Johnny Washbrook’s family became close friends with the Epper family, and they would often meet at each others’ homes and barbeque together.   Johnny still has a lot fond memories of working with Stephanie, and having fun with her and her brothers.



Click here to visit the Internet Movie Database (IMDb) to review Stephanie Epper's Filmography data.

Bucking Bronco


Journalist Loretta Kemsley of Los Angeles, who was a stunt double in the 1950s, says that she remembers Stephanie Epper and that she was often called ‘Stevie.’  “Her sister Margo and brother Tony also did stunt work.  They were all older than I was, and I didn’t know any of them well.  I believe my older brothers did.”  She went on to relate that Les Hilton (trainer of Flicka, Mr. Ed, and many others) lived across from her family in North Hollywood when she was growing up.  She says that he moved to Burbank when she was eighteen, about the same time her own family moved.  She had a great deal of respect for Hilton, calling him “a wonderful man and a very talented trainer.”  Loretta, herself began as a young horsewoman and stunt rider in the 1950s for cowboy star Gene Autry’s Flying A Productions studios.  In June 1954, at the age of eight, she began working as a stunt double for Nancy Gilbert, who played young Calamity Jane in the NBC television series, Buffalo Bill Jr.  Forty more episodes were later co-produced by Autry for this children's western, through 1956.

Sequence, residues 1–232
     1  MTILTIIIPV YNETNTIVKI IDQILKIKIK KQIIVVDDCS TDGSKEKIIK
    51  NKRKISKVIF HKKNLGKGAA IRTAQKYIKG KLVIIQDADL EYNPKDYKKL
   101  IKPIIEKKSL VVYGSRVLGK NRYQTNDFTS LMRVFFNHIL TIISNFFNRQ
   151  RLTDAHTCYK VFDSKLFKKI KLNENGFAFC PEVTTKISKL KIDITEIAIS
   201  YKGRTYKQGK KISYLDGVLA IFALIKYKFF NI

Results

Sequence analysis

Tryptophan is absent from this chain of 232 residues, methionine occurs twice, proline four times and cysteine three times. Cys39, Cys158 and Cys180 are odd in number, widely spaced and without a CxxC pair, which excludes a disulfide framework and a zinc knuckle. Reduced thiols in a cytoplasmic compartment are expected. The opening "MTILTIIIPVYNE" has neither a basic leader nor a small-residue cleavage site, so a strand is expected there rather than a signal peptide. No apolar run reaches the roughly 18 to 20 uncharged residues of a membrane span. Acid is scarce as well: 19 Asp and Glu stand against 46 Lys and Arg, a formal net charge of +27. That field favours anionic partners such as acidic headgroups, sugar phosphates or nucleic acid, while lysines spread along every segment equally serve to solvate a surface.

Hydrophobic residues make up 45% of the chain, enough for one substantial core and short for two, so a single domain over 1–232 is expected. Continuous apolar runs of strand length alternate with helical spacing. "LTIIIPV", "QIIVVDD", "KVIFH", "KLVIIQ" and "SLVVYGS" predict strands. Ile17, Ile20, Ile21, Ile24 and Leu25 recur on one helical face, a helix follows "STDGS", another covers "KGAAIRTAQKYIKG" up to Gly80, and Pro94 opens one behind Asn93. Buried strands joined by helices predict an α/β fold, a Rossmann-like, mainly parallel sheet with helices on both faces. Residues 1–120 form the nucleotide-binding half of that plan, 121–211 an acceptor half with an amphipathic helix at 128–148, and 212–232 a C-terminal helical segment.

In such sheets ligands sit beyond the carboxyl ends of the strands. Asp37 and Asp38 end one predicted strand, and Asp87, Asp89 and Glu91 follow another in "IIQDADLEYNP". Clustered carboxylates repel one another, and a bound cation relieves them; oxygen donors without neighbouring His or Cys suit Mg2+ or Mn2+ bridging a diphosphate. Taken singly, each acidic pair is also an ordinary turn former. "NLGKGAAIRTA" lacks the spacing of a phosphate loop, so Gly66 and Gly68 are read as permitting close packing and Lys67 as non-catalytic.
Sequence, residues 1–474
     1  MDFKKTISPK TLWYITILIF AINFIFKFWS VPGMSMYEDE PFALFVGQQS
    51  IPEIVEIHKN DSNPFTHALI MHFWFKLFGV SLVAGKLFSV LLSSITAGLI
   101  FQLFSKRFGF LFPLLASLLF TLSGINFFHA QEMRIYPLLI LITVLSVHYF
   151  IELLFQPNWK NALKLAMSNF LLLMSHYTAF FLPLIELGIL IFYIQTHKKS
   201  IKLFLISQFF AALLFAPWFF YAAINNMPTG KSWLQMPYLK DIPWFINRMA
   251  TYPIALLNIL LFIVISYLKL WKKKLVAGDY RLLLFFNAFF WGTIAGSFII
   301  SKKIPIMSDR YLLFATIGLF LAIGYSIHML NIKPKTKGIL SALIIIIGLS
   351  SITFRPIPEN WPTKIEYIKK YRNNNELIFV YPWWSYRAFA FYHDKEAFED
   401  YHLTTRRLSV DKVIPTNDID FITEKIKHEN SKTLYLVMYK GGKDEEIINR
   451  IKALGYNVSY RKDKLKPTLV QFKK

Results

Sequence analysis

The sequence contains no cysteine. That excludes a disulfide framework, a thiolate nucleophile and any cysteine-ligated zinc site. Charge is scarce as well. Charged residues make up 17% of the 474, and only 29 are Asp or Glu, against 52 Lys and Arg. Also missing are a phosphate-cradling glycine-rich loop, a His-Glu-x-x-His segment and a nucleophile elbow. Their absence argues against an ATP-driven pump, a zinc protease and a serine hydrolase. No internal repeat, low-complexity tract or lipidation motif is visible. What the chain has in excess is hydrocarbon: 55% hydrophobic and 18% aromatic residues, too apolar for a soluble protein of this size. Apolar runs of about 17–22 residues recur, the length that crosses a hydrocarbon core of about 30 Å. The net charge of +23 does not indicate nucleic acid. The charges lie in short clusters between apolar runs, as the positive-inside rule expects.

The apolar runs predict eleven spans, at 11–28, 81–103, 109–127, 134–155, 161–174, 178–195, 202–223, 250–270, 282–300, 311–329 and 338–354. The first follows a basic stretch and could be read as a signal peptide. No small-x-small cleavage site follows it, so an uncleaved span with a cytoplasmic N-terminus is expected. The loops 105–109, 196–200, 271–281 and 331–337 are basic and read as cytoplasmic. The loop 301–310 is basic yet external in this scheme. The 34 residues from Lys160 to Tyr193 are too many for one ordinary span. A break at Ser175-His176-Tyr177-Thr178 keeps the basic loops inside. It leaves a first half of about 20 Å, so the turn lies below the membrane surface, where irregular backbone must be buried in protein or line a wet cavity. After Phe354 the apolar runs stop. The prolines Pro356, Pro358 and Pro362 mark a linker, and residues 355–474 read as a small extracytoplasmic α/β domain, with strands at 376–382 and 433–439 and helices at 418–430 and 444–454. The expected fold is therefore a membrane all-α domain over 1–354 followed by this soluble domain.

Martha Crawford-Cantarini
The tough and talented Martha Crawford-Cantarini cuts a comely figure in her western attire.

Famed stuntwoman MARTHA CRAWFORD-CANTARINI doubled for Anita Louise (as character Nell McLaughlin) in the My Friend Flicka series, and she indicates that she had a great working relationship with Anita the whole time.  Anita didn’t have a lot of action scenes in the series, but when she did, Martha was there to do them.  Martha’s own horse, Jim, did the free jumping scenes, like jumping over a fence out of the corral.  Martha had a long and very successful career performing horse stunts in both motion pictures and television. 

Trying to break into films as a young starlet early on, she lost a screen test to another nervous young blonde—Marilyn Monroe—but it was a blessing in disguise, for it caused her to follow a dream and do what she really wanted to do with her life.  She began a long successful career of horseback stunt riding for the stars.  During her career, she also doubled for Shirley MacLaine, Carroll Baker, Linda Darnell, Rhonda Fleming, Debra Paget, Anne Baxter, Jean Simmons, Claudette Colbert, and many other actresses and actors--performing feats with horses that needed to be done with a relative amount of safety by an expert and experienced horsewoman. 


Martha Crawford Cantarini 

Martha Crawford Cantorini